Munnar Hills Tea Plantation
In December 2015, my wife, Manju, and I visited the majestic Munnar Hills in the southern Indian state of Kerala. We were awestruck with the serene beauty that surrounded us. Wherever our eyes could gaze, the hillside was covered with beautifully manicured tea plants. While taking in the view, a fleeting question crossed my mind – how will people living in these hills meet their energy needs in a renewable world? There was no empty land to install photovoltaic (PV) modules to harvest solar energy as electricity. Shadow casting PV modules could not be installed atop the tea plants – their shadow would deprive the tea plants underneath of solar photons, and likely impede the growth of these plants. I quickly found myself reenchanted with the natural beauty that surrounded us, and the thought of PV modules faded away. A few days later, while on a late night flight back to the U.S., I was kept awake wondering whether there could be PV module designs that would have no negative impact on tea plants growing underneath them, and thus cogenerate electricity for Munnar Hills. By the time my plane landed in Newark, I had a dozen or so pages with various sketches of potential PV module designs that could provide the needed solution. I was simply thrilled at the possibilities.
Later, during the summer of 2016, while driving around West Lafayette, Indiana, I realized that the vast empty lands of the winter months were suddenly covered with corn and soybeans – there were no empty lands to be seen to install PV modules. The problem of Munnar Hills was indeed closer to home than I initially recognized. It was then that I contacted some of my colleagues and we embarked on modelling to explore the possibility of land constraints in different parts of the world culminating in the published paper in Nature Sustainability. To our surprise, most densely populated and economically advanced nations do not have enough land for a transition to an economy where predominantly all local and national energy needs would be met by solar energy.1 The primary reason is that most of the land is agricultural land dedicated to food-related activities. That led us to develop the general concept of ‘Aglectric’ farming i.e. the use of agricultural land to cogenerate electricity without any negative impact on crop yield. While wind aglectric farms are well known in mid to western states of the USA, their use is generally limited to certain geographical locations. For a sustainable future with ‘Full Earth’, it is imperative that concepts be developed to enable PV-aglectric farming to cogenerate electricity while growing major crops such as sorghum, corn, wheat, rice, soybean, etc. This will enable the use of local photons for local needs.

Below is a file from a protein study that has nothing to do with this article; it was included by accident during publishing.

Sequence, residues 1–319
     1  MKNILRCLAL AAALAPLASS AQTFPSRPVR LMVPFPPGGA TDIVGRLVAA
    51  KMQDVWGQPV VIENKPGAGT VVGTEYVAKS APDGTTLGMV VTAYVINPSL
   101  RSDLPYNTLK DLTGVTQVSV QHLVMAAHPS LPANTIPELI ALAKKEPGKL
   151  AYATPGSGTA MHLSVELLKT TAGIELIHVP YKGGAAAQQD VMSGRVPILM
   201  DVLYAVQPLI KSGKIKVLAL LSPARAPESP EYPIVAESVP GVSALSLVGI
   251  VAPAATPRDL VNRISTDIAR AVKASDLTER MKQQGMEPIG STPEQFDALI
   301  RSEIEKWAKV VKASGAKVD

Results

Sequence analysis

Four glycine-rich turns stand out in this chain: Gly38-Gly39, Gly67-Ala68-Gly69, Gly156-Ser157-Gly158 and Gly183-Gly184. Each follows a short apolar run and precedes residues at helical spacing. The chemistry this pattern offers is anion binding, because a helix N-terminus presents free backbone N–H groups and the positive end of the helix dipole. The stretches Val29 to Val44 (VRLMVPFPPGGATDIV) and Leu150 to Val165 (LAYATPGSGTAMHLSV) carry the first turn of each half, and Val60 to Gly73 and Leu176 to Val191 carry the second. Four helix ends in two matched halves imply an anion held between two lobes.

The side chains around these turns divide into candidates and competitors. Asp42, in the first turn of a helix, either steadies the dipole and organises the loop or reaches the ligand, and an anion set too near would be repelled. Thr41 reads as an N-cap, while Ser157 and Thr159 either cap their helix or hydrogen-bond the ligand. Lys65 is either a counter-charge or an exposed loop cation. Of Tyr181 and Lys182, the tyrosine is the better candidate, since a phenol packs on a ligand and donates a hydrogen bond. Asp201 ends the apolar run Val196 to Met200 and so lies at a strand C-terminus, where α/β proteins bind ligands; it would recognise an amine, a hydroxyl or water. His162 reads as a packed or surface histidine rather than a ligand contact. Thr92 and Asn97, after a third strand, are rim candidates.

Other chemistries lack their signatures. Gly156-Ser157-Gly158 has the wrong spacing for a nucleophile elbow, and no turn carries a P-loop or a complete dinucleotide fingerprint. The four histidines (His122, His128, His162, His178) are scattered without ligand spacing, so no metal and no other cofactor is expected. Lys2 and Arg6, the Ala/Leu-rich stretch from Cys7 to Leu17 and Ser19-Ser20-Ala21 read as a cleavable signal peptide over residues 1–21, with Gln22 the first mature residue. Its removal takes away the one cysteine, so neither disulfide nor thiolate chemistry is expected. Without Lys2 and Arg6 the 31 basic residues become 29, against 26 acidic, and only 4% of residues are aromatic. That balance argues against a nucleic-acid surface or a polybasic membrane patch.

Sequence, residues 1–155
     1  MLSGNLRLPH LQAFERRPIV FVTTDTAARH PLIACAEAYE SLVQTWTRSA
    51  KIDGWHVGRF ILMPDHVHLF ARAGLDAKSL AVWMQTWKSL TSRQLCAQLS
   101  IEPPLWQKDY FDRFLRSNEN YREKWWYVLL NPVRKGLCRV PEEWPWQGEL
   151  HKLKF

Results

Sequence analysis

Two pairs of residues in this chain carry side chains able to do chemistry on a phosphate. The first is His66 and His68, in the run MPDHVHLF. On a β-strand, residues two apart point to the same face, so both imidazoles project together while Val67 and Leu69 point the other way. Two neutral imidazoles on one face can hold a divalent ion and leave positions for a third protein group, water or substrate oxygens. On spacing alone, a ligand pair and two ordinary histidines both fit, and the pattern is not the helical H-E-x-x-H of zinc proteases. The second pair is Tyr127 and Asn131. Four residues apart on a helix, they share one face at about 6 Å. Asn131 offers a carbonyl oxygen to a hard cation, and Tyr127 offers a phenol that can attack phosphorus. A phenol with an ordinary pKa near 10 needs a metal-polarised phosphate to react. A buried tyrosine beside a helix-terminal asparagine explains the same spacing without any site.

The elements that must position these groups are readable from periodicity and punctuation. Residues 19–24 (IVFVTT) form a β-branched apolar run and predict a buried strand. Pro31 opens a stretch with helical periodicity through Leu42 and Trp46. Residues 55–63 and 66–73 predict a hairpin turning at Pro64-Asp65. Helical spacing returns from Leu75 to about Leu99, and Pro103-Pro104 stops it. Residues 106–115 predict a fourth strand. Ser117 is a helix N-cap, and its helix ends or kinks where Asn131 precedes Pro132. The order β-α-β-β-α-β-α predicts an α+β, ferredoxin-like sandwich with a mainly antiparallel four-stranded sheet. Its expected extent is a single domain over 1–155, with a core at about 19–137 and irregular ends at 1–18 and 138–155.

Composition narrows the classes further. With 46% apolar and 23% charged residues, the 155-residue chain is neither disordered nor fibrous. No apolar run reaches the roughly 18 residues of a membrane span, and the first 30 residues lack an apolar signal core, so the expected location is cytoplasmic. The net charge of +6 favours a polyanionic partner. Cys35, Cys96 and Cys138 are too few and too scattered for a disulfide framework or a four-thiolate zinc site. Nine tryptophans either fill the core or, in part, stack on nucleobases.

With the goal to develop and demonstrate PV-aglectric farming for major food crops, in the fall of 2017, with seed funding from the National Science Foundation (NSF), we established a center for Sustainable Food, Energy and Water Systems (SFEWS) at Purdue University (https://engineering.purdue.edu/NRT/ ). The uniqueness of the SFEWS team resides in its cross- disciplinary experts from the colleges of Agriculture and Engineering. They have come together to solve a multifaceted grand challenge. As a first step, we developed a number of novel designs and operating modes for PV modules to control and manipulate shadow duration as well as the spectral distribution within the shadow – all to minimize/eliminate any negative impact on crop yield.1,2 Next, we built our first PV structure at the Purdue University’s Agriculture Centre for Research and Education (ACRE) Farm. Experiments to grow corn began in May of this year under the guidance of Professor Mitch Tuinstra, Wickersham Chair of Excellence in Agricultural Research and Associate Director of SFEWS. A team of ten young engineers and agronomists have spent their entire summer laboriously collecting data on various aspects of corn plant growth.
Corn Plants at Purdue University’s PV-Aglectric Farm
The generation of electricity on farmland provides a unique opportunity to manage and purify water locally. The SFEWS team is also studying the potential impact of aglectric farming on local as well as national economy and the associated policy implications. We are eagerly waiting for this growing season to end to perform detailed statistical analysis of the data to provide a first-ever glimpse into how corn plants perform under our two designs of east-west tracking PV modules. However, our current strategy of one experiment per growing season is too slow to make a dent on a sustainable energy future. There are number of PV designs to be built and studied extensively for their impact on several major crops in different regions of the world. On our part, this requires effort in raising ample financial resources so we can simultaneously study multiple ideas in a growing season. Indeed, the possibilities for this research are tremendous – as abundant and fertile as the Munnar Hills on which this journey began.
Sunrise at Purdue University’s PV-Aglectric Farm
1. C. K. Miskin, Y. Li, A. Perna, R. Ellis, E. K. Grubbs, P. Bermel and R. Agrawal, Sustainable Coproduction of Food and Solar Power to Relax Land Use Constraints, Nature Sustainability, 2, 972–980 (2019).